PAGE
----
**Visualizing Principal Doctrine 7** This doctrine follows closely on the issue of self-protection presented in principal doctrine six, expanding it in an obvious direction while affirming that the ultimate test is always the result obtained, not conformity to an ideal:
"Some men wished to become famous and conspicuous, thinking that they would thus win for themselves safety from other men. Wherefore if the life of such men is safe, they have obtained the good which nature craves; but if it is not safe, they do not possess that for which they strove at first by the instinct of nature."
Epicurus had previously said: "To secure protection from men anything is a natural good by which you may be able to attain that end." "Anything" is a broad term, and would include even politics and dictatorships being natural goods - if they are successful. But we can't know in advance what the result of any one course will be. It is possible that we may pursue dictatorship or kingship and overcome all obstacles to success. If we do, and if we die in our sleep surrounded by friends after a long and happy life, then our pursuit of fame or kingship has proven to be an excellent course for us. In other words, if we succeed then we have achieved the goal for which we set out, regardless of the odds that seemed to be against us based on past experience.
But it is frequently the case that politics and dictatorship and kingship spur envy and ill will from other men. Whether that response is justified or not, it is frequently the case that dictators and kings meet a violent and unhappy end.
Both are true -- the generalization is valid as a generalization, but a generalization is not a guarantee that a choice will work out in every instance.
The point here is the same which is made throughout Epicurean texts: There is no fate, no divine creator, no realm of ideal forms which will inevitably lead certain choices to success or failure. The universe operates by natural principles, including the swerve in the atom, and we have freedom to influence some things in life, but not others.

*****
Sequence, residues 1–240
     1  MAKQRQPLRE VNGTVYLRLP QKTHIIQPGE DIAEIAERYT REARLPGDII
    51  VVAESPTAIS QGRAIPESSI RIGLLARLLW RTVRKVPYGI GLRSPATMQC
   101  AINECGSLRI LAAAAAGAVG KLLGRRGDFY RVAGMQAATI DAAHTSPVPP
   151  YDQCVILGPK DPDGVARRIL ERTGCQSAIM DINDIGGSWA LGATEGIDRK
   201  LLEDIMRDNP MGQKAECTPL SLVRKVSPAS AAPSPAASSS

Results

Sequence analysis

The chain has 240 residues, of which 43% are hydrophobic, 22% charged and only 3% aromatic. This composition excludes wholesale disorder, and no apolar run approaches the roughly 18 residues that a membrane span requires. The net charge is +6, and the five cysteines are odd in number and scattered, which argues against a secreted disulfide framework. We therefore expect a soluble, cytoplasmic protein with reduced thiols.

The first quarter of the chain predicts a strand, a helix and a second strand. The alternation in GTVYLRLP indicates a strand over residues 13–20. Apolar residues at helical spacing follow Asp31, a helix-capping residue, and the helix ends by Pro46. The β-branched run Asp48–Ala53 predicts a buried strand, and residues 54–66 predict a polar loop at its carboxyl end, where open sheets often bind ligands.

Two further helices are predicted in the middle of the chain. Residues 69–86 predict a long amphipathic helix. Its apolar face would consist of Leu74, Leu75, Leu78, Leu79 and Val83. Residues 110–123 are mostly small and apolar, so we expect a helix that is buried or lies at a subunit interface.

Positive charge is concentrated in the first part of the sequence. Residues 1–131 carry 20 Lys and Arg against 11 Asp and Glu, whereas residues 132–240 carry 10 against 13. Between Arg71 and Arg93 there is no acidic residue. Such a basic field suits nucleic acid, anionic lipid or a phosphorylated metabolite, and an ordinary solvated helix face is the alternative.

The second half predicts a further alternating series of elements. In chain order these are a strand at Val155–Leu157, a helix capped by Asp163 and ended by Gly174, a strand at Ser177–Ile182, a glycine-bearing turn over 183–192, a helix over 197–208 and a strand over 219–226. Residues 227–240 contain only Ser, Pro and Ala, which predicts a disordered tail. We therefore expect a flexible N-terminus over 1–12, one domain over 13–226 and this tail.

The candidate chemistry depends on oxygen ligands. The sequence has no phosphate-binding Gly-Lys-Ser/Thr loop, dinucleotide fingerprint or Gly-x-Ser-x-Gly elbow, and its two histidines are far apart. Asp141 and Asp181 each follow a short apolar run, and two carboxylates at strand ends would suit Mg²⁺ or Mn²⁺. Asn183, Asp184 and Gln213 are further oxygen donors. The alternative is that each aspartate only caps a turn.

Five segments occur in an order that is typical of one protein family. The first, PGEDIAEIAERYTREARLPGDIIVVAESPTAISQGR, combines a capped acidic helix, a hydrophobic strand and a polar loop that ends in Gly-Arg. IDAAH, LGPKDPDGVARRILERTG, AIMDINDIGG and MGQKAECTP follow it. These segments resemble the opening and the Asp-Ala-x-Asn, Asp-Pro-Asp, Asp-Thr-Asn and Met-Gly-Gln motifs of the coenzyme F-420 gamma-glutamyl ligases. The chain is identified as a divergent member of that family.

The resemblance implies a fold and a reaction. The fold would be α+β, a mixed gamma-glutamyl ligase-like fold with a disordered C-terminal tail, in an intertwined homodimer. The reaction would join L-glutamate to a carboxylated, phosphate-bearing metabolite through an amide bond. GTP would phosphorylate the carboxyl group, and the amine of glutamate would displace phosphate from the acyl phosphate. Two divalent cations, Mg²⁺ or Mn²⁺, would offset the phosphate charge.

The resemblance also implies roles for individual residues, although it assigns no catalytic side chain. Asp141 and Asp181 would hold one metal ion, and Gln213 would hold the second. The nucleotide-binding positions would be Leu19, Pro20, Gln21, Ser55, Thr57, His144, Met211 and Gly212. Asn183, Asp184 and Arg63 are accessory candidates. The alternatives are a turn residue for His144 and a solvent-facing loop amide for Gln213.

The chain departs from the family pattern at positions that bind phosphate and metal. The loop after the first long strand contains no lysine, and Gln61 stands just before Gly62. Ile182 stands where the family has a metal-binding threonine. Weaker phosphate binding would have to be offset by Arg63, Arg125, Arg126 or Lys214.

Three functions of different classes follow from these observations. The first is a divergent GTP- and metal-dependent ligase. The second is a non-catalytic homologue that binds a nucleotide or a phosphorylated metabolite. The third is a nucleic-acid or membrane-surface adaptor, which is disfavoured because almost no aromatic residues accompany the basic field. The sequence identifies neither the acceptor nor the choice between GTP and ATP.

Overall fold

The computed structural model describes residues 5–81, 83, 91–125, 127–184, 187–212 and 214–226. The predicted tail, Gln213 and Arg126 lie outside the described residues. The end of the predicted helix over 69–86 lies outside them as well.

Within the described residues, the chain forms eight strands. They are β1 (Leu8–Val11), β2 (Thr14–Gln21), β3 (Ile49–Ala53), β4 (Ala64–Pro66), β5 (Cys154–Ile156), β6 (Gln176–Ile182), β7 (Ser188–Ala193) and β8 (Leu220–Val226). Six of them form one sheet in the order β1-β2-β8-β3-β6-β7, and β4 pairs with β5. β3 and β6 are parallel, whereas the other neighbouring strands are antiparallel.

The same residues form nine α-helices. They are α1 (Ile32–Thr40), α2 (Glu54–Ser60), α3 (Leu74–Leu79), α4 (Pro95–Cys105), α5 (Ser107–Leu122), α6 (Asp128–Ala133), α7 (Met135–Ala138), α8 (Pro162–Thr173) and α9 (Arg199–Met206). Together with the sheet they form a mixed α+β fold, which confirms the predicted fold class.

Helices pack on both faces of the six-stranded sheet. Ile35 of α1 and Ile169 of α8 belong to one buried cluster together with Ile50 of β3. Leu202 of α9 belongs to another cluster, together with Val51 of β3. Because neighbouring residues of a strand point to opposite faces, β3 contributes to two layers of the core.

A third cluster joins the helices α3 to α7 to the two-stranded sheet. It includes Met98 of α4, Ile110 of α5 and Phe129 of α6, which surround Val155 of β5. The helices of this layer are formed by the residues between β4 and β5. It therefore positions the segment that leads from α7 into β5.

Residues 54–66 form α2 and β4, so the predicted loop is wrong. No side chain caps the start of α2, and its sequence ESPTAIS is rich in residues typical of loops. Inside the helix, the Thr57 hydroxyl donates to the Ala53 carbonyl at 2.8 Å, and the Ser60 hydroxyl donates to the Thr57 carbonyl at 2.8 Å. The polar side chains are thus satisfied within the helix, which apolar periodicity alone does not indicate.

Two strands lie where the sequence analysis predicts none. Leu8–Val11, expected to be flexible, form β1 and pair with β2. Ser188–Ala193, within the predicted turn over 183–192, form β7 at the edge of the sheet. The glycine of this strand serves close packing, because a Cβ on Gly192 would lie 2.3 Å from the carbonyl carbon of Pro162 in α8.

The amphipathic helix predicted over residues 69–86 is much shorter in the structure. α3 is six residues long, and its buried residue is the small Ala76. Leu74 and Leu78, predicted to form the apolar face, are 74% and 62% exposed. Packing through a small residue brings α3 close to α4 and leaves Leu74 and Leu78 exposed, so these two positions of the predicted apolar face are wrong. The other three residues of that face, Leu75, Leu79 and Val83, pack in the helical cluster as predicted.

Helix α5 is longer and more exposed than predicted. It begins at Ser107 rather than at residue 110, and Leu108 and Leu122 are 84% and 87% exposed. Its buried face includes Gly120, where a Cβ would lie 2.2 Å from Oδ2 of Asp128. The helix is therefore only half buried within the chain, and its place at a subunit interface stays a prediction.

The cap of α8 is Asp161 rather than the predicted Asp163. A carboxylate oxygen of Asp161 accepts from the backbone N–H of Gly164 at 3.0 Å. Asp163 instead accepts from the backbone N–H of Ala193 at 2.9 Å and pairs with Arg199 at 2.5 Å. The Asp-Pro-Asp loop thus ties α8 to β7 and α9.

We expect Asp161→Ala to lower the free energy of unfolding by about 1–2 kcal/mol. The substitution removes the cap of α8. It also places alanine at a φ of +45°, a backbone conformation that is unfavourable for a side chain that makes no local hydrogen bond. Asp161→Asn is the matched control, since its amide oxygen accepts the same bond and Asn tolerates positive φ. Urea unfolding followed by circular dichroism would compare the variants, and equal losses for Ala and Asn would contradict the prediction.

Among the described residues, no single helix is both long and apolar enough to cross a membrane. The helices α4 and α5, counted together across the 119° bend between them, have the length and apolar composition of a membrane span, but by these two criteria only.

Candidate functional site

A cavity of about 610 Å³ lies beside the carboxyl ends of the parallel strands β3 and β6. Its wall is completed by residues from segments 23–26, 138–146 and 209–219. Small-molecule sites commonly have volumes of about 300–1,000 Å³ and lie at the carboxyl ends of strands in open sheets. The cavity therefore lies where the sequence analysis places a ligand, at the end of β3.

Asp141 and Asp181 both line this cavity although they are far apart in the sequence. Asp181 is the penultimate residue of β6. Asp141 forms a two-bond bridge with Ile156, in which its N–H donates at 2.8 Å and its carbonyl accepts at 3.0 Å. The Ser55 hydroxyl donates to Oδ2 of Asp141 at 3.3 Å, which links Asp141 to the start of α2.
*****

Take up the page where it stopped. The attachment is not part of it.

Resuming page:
The Epicurean message may seem scandalous to those who would prefer "justice" or "fairness" in the universe, but the message is clear, and it is consistent with what we actually observe. Some dictators / kings / famous people live long and happy lives after following paths that many would consider awful, while others who are paragons of morality crash and burn in the worst possible ways.
In an Epicurean universe we should not look for inevitable outcomes. We can estimate generalities and make predictions based on past experience, but the test of success is whether it in fact succeeds. There are no divine patterns which will always produce the happiest outcomes in life. If we wish to live happily we make our choices, we take our chances, and we work as diligently as possible for pleasurable living, always knowing that there are no guarantees in life except that it will eventually be over.
More graphics for Principal Doctrine 7 can be found here.